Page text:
Learning is also an easy fluid process when there is attachment. Think back to school, and how easy it was to learn from the teachers that you felt an attachment to, or from your grandmother as she lovingly taught you how to garden, knit, or bake. And then, in contrast, think about how the minutes dragged on and many tears were shed in the classes where you felt the teacher didn’t like you, and there was no attachment.
Learning from those whom you love is easy.
What I love about this
I, and probably most of you, find the attachment aspect of raising children to be the most rewarding part. Sometimes I felt like I had to turn so many things into ‘teachable moments’ that I wasn’t actually enjoying the moments with my children as much as I wanted to.
Being able to trust that if I just enjoy the time with my children, and foster the connection, they will fall in line like little ducklings took a huge weight off my shoulders. No longer did I feel like I wasn’t doing enough. Just being and enjoying is enough.
And sure enough, it did work for us! I was amazed at how things that normally caused resistance in my family suddenly were non-issues. Redirection was easier. Relating was easier. Enjoying was easier.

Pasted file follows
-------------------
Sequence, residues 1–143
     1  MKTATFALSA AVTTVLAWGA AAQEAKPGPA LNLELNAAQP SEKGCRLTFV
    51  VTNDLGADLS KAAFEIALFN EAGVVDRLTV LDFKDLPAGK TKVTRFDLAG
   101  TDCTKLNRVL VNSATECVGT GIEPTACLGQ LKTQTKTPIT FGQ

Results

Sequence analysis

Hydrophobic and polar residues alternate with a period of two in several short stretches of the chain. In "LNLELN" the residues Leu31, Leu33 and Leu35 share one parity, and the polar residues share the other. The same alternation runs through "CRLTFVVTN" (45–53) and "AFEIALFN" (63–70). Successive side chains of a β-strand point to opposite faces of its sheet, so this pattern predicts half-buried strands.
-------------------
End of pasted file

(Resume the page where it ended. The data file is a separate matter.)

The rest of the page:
Immaturity and Brain Development
Kids are not just miniature adults who haven’t had life experience or 13 years of schooling. Their brains have not fully developed to be able to reason, draw accurate conclusions, and predict long-term outcomes. Just as a 3-year-old does not have the capacity to understand long division no matter how much you try to teach him, he also does not have the logic needed to understand the world around him enough to make his own decisions about what is right for him. This is where attachment, mirroring, and trust come in to play.
The child needs to trust and follow his parents until his brain is more developed and he is developmentally ready to be his own person. Parents need to trust that they are good enough to receive that trust.
Why is Parent-Oriented Attachment better?
When a child looks to his parents for guidance, support, and care, not only are they better equipped to teach him well, but they also are much less likely to turn their backs on him. Think of how fickle trends and fads are in school. One day a child can be the most popular and adored child among his peers, but one misstep and the child can just as fast be rejected by his peers. If this is his source of community, his source of attachment, think of how damaging this rejection would be.